The invention further provides a sorption process for extracting diamondoid compounds from a diamondoid-containing gas stream by first sorbing the diamondoid compounds with silica gel, then desorbing the diamondoid compounds from the silica gel with a regeneration fluid, and separating diamondoid compounds from the regeneration fluid via sorption with a porous solid, for example, a zeolite. This aspect of the invention comprises the steps of providing a gas stream containing a recoverable concentration of diamondoid compounds, contacting the diamondoid-containing gas stream with silica gel in a sorption zone under conditions of temperature and pressure to prevent substantial formation of solid diamondoid desposits in the sorption zone for a period of time sufficient for the silica gel to sorb at least a portion of the diamondoid compounds from the hydrocarbon gas, regenerating the silica gel by contacting the silica gel with a regeneration fluid in which diamondoid compounds are at least partially soluble to desorb diamondoid compounds from the silica gel, separating diamondoid compounds from the regeneration fluid by contacting the regeneration fluid with a porous solid absorbent, for example, a zeolite.
The preferred embodiment of the invention includes both the solvation and silica gel sorption stages as well as the zeolite absorption stage, providing a process for extracting diamondoid compounds from a diamondoid-containing gas stream comprising the steps of providing a gas stream containing a recoverable concentration of diamondoid compounds, mixing the gas stream containing diamondoid compounds with a solvent in which diamondoid compounds are at least partially soluble, controlling the conditions including temperature and pressure of the mixture to maintain at least a portion of the mixture in the liquid phase, separating the mixture under the controlled conditions into a partially purified gas stream and a diamondoid-enriched solvent stream, recovering diamondoid compounds from the diamondoid-enriched solvent stream by contacting the diamondoid-enriched solvent stream with a zeolite absorbent for a period of time sufficient for the zeolite absorbent to absorb at least a portion of the diamondoid compounds from the diamondoid-enriched solvent stream, contacting the partially purified gas stream with silica gel in a first sorption zone under conditions of temperature and pressure to prevent substantial formation of solid diamondoid desposits in the sorption zone for a period of time sufficient for the silica gel to sorb at least a portion of the diamondoid compounds from the hydrocarbon gas, and recovering diamondoid compounds from silica gel by desorption in a second sorption zone by contacting the silica gel with a regeneration fluid in which diamondoid compounds are at least partially soluble to desorb diamondoid compounds from the silica gel, and separating diamondoid compounds from the regeneration fluid by contacting at least a portion of the regeneration fluid with a zeolite absorbent for a period of time sufficient for the zeolite absorbent to absorb at least a portion of the diamondoid compounds from the regeneration fluid.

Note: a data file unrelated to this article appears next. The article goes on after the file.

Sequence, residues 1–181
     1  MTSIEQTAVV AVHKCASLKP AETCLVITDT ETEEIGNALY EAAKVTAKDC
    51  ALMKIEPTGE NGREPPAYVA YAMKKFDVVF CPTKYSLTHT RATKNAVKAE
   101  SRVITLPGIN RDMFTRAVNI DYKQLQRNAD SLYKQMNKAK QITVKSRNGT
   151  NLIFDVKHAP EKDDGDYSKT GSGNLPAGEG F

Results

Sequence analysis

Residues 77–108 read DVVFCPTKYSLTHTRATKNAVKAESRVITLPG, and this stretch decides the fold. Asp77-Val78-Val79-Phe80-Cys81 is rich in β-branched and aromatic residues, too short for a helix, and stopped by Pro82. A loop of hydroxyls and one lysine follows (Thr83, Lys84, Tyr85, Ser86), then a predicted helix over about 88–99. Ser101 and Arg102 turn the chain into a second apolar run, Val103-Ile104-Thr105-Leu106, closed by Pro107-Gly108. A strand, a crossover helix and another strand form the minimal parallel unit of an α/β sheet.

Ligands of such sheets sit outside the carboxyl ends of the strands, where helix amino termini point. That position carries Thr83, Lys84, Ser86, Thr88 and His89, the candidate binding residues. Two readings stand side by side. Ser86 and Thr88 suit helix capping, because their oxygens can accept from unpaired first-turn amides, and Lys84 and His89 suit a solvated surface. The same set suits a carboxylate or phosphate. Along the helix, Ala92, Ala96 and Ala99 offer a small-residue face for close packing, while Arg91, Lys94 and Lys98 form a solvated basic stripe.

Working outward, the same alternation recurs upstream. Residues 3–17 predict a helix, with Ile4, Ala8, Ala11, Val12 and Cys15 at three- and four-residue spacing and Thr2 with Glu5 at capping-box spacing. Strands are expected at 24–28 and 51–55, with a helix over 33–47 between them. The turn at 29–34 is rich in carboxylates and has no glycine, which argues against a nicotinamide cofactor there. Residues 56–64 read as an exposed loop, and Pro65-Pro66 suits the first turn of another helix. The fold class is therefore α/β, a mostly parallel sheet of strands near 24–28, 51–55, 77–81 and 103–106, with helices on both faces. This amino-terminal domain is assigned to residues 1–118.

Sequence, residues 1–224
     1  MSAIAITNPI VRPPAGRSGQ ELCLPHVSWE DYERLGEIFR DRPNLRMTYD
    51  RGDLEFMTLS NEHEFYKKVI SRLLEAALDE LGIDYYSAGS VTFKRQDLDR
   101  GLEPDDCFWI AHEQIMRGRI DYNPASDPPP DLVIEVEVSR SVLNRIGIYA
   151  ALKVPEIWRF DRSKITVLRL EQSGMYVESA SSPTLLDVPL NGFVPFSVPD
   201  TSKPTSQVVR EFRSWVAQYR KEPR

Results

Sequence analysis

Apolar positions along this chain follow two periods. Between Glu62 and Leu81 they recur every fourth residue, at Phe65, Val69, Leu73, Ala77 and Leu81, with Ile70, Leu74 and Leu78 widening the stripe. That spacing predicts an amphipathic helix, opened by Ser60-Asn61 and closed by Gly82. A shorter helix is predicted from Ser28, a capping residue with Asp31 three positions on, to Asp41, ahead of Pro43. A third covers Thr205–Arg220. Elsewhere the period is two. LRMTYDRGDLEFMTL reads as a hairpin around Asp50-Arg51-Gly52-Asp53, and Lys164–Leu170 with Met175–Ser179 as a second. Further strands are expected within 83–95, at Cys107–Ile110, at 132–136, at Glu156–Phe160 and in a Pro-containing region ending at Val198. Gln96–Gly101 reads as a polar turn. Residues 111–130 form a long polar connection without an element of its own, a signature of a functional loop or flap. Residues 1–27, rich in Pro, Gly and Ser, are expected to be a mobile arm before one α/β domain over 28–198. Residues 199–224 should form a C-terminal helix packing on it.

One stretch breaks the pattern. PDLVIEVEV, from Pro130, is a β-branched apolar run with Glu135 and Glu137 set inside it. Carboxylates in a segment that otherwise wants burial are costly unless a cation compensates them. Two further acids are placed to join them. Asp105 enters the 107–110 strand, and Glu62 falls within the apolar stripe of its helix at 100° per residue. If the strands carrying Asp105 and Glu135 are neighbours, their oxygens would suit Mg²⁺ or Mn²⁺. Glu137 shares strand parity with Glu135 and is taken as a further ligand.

The FIGURE is a simplified schematic showing major processing steps of a preferred embodiment of the present invention.
The porous solids having the proper, desirable pore structures and sizes adapted to be useful in this invention can be identified through theoretical considerations or by simple experimentation. Thus models, real or synthesized by a computer, can be constructed, as can models of diamondoid compounds. These models can be interacted to determine their compliance with the required critical parameters set forth above.
Alternatively, synthetic mixtures of diamondoid compounds (suitably equilibrium mixtures thereof) admixed with lighter (smaller) hydrocarbons, such as lower paraffins, can be contacted with various porous solids to determine practically which porous solids have the desired absorption properties. As noted, the best porous solid absorbents will absorb diamondoid compounds even preferentially to lighter aliphatics.
Another alternative approach to determining the applicability of any particular porous solid to use in this invention is a theoretical consideration of pore sizes and configurations of the porous solid compared to molecule sizes and configurations of the diamondoid compounds to be absorbed. The pore shapes and sizes of most porous solids have been thoroughly studied and published. Similarly, the shapes and dimensions of most known molecules have been measured and the results thereof published. Theoretical comparisons are therefor possible in many cases.
In many instances some combination of these described means of determining which porous solids to use in practicing this invention will be found to be appropriate. Illustrative solids include zeolite crystals having pore structures composed of 24 to 36 atom rings. Of these ring atoms, half are chalcogens, e.g., oxygen and/or sulfur, and the other half are metals such as silicon, aluminum, boron, phosphorous, gallium, and/or iron. This list is illustrative and not limiting.